Good chilly blanket-wrapped morning!
I hope you’re keeping warm, readers.
Let’s pour a cup of coffee–or would you like tea?–or hot cocoa?–and chat for a spell.
So many everyday conversations begin and end with weather these days. Our thermometer shivers at -10 (-23 C) this still-dark Tuesday morn. My husband just warmed the car in the driveway (it started suspiciously with that telltale err-err-err sound even though he bought a new battery last week) and drove through -32 (-35 C)wind chills to his job at the Sentinel.
I, on the other hand, live in the lap of wood stove stoking luxury. Most of our schoolchildren in the western Upper Peninsula stay at home, protected from that wind chill, yesterday and today. Therefore, I stay at home.
Theoretically, that is.
Yesterday morning, I drove in to the school and prepared for Wednesday night’s school board meeting. The trip proved rather uneventful, except for the car’s bright light and dimmer switch, which is not behaving. The car must go into the shop for repair, except the multi-function switch (which has been replaced before) costs, oh, maybe $375 plus labor, so we’re pondering this briefly before making an appointment, thinking perhaps it might miraculously fix itself.
You must understand I am not complaining, dear reader. I am trying to merely factually describe what is happening these days.
So last night’s temperatures hovered in this range. The wind blew snow sideways creating whiteouts.
Our township meeting started at 7 p.m.
At 4:30 p.m. the phone rang. It was our township clerk.
“Are we cancelling the meeting?” I asked breathlessly, hopefully.
“I wish!” she said. “Nah, I need you to pick me up. Our diesel isn’t plugged in so it probably won’t start.”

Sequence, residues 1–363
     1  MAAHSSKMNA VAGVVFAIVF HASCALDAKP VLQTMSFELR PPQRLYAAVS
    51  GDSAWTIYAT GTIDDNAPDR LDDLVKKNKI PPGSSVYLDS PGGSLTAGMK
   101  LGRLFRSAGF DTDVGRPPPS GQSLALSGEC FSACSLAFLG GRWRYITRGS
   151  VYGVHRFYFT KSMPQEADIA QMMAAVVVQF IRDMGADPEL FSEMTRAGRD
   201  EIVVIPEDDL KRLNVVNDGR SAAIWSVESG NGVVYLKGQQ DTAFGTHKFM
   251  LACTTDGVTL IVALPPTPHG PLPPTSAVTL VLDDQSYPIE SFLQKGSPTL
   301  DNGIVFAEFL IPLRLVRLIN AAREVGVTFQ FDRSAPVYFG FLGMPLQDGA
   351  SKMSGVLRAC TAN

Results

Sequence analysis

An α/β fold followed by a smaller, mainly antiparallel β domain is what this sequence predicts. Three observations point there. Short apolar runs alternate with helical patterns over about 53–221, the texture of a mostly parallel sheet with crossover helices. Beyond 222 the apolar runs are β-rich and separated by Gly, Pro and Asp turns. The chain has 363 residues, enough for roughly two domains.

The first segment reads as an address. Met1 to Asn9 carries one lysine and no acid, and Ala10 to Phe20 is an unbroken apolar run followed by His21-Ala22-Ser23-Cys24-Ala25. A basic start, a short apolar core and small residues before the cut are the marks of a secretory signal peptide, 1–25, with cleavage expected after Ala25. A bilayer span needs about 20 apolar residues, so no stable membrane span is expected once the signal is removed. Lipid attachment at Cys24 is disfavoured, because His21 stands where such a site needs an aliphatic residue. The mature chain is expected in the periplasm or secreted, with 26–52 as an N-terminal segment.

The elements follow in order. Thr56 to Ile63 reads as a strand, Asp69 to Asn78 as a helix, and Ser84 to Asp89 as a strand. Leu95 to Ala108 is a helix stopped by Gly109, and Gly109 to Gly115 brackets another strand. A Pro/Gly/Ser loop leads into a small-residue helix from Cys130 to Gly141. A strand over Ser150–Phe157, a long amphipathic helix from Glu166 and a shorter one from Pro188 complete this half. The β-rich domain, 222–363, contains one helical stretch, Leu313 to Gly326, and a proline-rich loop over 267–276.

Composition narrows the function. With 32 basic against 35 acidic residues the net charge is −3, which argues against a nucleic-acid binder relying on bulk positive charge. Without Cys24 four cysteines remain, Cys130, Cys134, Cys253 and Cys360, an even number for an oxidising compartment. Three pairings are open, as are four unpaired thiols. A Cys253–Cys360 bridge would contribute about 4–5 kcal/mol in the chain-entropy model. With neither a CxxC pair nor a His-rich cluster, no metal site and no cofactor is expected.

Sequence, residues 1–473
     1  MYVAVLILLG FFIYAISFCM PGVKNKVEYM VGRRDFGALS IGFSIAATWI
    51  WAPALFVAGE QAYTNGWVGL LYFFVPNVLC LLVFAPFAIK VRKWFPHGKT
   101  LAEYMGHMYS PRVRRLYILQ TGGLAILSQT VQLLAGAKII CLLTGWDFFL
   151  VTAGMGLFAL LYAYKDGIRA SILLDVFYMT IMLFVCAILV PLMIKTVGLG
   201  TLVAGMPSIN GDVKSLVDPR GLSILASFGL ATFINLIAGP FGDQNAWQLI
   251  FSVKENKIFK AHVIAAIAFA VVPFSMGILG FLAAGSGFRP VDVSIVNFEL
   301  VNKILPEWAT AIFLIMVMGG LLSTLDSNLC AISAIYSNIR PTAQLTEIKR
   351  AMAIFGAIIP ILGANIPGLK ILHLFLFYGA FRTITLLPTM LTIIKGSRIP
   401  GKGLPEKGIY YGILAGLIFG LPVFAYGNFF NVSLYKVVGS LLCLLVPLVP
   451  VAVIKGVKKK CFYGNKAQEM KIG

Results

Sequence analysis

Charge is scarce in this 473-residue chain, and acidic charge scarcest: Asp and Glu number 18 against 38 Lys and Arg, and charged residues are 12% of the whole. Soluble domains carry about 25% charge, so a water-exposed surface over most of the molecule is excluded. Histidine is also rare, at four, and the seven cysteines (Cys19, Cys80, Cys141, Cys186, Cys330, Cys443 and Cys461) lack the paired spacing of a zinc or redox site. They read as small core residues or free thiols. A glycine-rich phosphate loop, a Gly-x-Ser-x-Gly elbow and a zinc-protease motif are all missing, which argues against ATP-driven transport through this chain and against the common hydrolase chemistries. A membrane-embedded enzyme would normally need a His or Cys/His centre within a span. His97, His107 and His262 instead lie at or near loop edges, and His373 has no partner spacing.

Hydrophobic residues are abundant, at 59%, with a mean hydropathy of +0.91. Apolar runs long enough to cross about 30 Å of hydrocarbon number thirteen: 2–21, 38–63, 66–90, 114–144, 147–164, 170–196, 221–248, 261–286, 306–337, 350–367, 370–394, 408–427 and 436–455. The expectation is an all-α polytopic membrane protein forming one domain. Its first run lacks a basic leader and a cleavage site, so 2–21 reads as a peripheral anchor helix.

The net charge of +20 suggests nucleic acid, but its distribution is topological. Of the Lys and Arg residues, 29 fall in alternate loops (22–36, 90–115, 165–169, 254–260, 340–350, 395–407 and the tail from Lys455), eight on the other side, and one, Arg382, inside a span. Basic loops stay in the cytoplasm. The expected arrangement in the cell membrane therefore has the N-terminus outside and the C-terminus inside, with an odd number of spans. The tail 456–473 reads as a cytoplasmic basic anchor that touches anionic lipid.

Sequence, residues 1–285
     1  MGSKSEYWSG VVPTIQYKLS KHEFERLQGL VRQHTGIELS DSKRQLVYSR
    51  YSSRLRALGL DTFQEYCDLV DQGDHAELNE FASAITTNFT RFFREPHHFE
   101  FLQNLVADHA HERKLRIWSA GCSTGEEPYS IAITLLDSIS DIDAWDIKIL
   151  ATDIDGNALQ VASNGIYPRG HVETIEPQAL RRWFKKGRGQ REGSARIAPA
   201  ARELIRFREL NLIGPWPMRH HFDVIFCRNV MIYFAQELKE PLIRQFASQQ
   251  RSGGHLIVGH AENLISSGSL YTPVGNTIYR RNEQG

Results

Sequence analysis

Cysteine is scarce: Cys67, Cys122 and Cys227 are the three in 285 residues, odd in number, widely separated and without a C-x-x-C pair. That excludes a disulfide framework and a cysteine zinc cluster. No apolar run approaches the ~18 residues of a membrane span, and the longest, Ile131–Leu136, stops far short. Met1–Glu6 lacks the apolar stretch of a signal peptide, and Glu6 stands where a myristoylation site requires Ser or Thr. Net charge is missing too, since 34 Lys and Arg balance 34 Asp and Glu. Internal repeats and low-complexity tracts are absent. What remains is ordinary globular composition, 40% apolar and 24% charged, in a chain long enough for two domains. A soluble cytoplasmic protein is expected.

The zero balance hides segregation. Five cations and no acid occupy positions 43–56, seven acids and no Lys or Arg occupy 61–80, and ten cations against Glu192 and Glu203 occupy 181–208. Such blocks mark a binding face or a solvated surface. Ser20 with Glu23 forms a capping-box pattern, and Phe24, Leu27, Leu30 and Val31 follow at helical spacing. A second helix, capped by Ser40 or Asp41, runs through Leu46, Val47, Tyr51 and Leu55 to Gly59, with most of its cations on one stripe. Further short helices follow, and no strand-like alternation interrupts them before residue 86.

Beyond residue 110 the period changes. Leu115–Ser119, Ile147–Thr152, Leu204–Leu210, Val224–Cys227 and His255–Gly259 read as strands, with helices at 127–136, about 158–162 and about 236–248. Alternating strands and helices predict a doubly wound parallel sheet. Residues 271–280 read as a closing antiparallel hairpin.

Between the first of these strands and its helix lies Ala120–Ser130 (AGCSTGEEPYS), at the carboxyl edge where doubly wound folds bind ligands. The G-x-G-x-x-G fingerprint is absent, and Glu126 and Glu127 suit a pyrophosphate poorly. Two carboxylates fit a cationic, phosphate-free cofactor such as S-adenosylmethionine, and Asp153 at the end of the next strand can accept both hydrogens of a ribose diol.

“OK,” I replied, frowning a bit, because wouldn’t it be nice to stay home inside when dire warnings flash across national headlines like EVERYONE STAY HOME!
At 5:15 p.m. I call the supervisor.
“What about cancelling the meeting?” I asked.
“You girls are always trying to cancel the meeting,” teased the supervisor (OK, I’m choosing to interpret this as teasing.) “What would you do if it got REALLY cold? This isn’t cold at all!”
In his defense, he was referring to the many days of -25 (-31 C) temperatures we often experienced “back in the days”. During these toasty times of global warming it rarely dips below -10 (-23 C).
Dear readers, at this point I had a choice. I could say, OK-Dokey, have fun at the meeting without me. Or, “C’mon, I INSIST we cancel the meeting!” but sometimes we crazy Yoopers (Upper Peninsula folk) just go with the flow.
“See you at 7,” sighed I.
In the meantime I called the assessor who lives 45 miles away and said, “Don’t come.” Called the 82-year old zoning and administrator who lives in town and left a message on his machine, “Don’t come to the meeting.”
And off I scurried on an adventure. Took the car whose headlights worked properly. Barry heated her up for fifteen minutes. I dressed in snow pants, heavy snow jacket, warm boots, scarf, mittens, everything but the kitchen sink. Crept along at 35 mph through sometimes whiteout conditions headed ten miles toward the fire hall.
Picked up the clerk half way.
“This is terrible!” she complained.
We laughed as we drove to the meeting.
Two community members showed up.
The meeting lasted a half hour.
We crept back toward home, joking all the way.
“Call me at 8,” I told the clerk after dropping her off. “If I don’t answer–you must come and find me.”
“Oh great!” she sighed. (But I knew she would come a’searchin’ if necessary.)
By 7:50 I arrived home.
All disasters averted. Home safe & sound.
Just another winter day in a Polar Vortex in Michigan’s Upper Peninsula.
You all staying safe and warm?